Further Sharp Drop in Australian and Canadian Dollars

May 20, 2010

The U.S. dollar advanced 2.1% and 1.1% against the Aussie and Canadian currencies.  The kiwi, down just 0.5%, has shown greater resilience following a well-received New Zealand budget that cut income taxes, raised sales taxes to 15% from 12.5%, and emphasized a long-term plan to contain raising foreign debt.

The dollar has also risen 0.6% against sterling and 0.4% relative to the beleaguered euro but slid 0.2% against the Swissy and by 0.4% against the yen.  Market chatter continues to talk about the euro sliding to $1.10.  There was heavy Swiss intervention yesterday to cap franc strength against the euro.

Asian stocks weakened significantly further, with declines of 1.8% in Taiwan, 1.7% in South Korea, 1.5% in Japan, and 1.3% in Indonesia and China.  Equities in Australia fell by 1.6%, but European markets presently show smaller drops of 0.3% in Germany, 0.2% in Britain, and 0.1% in France.

The ten-year JGB yield slid two basis points to 1.27%.  In Europe, no other country has followed Germany’s cue on banning short selling, rendering that attack against speculators to be pretty useless.  Ten-year Spanish and Greek yields firmed six basis points each.  Gilt and bund yields are 3 and 1 basis points firmer.

Oil prices slipped 0.4% to $69.60 per barrel.  Gold dropped 0.8% to $1184 per ounce.

First-quarter Japanese growth of 4.9% at a seasonally adjusted annualized rate (saar) from 4Q and 4.6% from 1Q09 was not quite as rapid as analysts were anticipating.  Exports soared 30.5% saar compared to an import gain of 9.6% saar.  However, personal consumption (1.3% saar) and residential investment (1.1%) were disappointing.  Inventories accounted for 0.8 percentage points of the 4.9% rise in GDP.  Business investment rose 4.2% saar.  The GDP price deflator was 3.0% lower than a year earlier, and the personal consumption deflator fell by 2.1% on year.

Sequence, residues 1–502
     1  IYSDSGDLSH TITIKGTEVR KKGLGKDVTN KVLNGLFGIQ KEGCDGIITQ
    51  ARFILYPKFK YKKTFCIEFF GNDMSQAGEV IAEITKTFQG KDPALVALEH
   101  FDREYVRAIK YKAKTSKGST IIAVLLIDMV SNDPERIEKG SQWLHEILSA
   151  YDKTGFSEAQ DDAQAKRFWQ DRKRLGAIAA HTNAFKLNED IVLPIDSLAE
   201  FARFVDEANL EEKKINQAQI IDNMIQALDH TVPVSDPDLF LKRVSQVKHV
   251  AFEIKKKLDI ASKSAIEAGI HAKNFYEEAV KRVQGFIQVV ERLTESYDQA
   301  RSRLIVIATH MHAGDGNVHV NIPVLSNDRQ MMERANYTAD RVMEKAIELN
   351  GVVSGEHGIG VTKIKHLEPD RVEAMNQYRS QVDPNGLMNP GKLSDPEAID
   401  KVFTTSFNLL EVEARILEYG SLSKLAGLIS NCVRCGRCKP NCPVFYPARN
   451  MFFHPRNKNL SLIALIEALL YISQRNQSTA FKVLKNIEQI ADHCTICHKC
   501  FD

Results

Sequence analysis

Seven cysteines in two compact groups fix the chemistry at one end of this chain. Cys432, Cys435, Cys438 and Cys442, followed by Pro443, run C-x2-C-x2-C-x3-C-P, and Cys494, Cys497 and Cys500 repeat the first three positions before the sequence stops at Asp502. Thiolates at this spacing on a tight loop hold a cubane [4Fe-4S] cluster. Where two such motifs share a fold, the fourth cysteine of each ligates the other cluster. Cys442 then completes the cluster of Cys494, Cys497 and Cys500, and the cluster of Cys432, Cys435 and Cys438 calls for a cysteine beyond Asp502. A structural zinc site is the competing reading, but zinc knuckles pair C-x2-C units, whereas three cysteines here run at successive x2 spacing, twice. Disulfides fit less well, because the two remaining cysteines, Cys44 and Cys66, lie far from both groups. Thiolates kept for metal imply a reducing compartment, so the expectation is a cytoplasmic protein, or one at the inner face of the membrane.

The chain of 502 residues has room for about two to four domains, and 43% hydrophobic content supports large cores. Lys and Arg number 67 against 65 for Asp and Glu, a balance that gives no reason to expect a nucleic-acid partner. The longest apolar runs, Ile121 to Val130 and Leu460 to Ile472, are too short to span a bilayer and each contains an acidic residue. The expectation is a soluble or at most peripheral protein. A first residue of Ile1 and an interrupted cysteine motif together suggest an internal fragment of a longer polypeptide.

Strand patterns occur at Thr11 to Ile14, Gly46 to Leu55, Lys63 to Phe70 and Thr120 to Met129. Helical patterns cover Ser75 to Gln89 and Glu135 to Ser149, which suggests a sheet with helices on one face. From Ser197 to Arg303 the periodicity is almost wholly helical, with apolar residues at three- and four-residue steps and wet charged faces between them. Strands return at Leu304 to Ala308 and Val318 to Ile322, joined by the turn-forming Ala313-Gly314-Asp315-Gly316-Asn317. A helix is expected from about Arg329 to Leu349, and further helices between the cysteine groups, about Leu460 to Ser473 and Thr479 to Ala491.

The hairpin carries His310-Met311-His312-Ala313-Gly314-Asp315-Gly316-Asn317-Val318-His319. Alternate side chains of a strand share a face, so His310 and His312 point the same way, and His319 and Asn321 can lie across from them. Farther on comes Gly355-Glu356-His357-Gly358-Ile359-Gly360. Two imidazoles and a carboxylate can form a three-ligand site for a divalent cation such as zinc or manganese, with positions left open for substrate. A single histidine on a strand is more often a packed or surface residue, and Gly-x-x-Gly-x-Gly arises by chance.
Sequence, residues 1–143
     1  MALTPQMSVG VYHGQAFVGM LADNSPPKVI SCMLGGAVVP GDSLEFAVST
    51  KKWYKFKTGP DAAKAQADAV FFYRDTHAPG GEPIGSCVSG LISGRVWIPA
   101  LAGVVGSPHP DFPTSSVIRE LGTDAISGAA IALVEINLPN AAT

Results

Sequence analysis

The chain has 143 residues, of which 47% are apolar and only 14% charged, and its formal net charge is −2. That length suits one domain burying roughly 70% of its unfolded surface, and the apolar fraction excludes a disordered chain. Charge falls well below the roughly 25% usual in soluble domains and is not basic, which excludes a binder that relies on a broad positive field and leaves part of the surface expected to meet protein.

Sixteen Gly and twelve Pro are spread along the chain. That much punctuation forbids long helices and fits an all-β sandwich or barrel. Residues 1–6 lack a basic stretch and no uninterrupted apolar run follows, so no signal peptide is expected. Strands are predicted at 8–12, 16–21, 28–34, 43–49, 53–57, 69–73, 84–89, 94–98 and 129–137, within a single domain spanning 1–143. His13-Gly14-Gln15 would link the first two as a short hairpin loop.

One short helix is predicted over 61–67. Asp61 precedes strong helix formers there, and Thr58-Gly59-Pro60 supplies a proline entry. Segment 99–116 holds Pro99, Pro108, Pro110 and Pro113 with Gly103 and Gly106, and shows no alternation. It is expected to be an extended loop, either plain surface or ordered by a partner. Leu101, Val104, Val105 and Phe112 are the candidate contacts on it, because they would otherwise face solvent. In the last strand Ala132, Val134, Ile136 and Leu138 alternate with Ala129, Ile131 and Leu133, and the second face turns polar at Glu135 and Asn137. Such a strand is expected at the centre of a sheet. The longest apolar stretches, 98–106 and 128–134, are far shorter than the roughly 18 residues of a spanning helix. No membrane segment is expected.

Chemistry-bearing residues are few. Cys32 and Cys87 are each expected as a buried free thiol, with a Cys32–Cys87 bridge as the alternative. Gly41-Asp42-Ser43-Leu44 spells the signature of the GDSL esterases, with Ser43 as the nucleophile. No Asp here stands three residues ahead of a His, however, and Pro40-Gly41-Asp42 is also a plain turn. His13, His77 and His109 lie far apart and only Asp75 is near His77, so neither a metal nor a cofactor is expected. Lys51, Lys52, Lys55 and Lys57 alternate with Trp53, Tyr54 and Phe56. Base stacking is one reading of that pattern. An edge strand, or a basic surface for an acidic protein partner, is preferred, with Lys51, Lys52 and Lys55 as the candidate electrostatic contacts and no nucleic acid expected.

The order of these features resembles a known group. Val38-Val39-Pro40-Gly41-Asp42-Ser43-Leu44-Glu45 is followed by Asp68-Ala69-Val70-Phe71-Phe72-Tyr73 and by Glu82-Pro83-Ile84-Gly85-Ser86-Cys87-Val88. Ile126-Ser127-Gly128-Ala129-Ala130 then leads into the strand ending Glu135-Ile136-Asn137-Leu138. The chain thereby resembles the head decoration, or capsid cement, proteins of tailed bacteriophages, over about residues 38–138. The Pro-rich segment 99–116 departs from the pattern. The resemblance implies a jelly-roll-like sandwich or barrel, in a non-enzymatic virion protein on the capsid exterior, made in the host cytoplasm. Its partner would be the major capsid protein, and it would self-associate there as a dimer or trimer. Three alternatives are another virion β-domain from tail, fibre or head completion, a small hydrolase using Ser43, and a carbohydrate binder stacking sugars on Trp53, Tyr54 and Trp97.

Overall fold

Japanese convenience store sales dropped 3.7% on year in April.

Japanese investor selling reportedly lies behind the Aussie dollar’s recent slide.  Expected inflation in Australia over the coming 12 months eased to 3.6% from 4.1% according to the latest Melbourne Institute monthly survey.

Taiwan’s on-year rate of GDP growth accelerated to 13.27% in the first quarter, best since 1978, and a 35.15% jump in export orders in the year to April points to continuing rapid economic growth in the current quarter.  Taiwan posted a US$ 9.9 billion current account surplus last quarter.  The country’s index of leading economic indicators jumped 1.4% in March, most in ten months.

Hong Kong CPI inflation was at an expected 2.4% in April.

The volume of British retail sales increased 0.3% in April and posted an unchanged 1.8% increase from a year earlier.  Sales had jumped 2.4% in February and gone up a further 0.5% in March.

German producer prices rose more than forecast last month, a gain of 0.8% after an increase of 0.7% in March.  On-year PPI inflation swung above zero to 0.6% from minus 1.5% in March and a low-point in 2009 of minus 7.8% last July.  Non-energy producer prices rose 0.5% on month and 1.1% on year.

Italy’s current account deficit widened 5.9% to EUR 5.284 billion in March from EUR 4.990 billion in February.  Industrial orders and sales in Italy respectfully increased 1.0% and 1.5% in March and were 13.1% and 6.3% greater than a year earlier.

The Swiss ZEW index of investor sentiment fell to 40.5 in Mary from 53.4 in April.

Greece saw more street protests today against austerity.  German Chancellor Merkel said necessary action will be taken to save the euro.  Juncker of the EU asserted that intervention is not needed now, noting the recent pace of depreciation has not been so steep as to warrant such.  Adam Posen, a policymaker at the Bank of England, said the euro had lost a chance to become a key reserve currency to rival the dollar.

Norwegian GDP slid 0.1% last quarter, while mainland GDP edged 0.1% higher.

A restructuring of Dubai World’s $23.5 billion of debt has finally been arranged with its creditors.

Investors await U.S. jobless insurance claims, index of leading economic indicators, and the Philly Fed index.  A preliminary reading of Euroland consumer sentiment, and Canada’s index of leading economic indicators arrive today as well.

Copyright Larry Greenberg 2010.  All rights reserved.  No secondary distribution without express permission.

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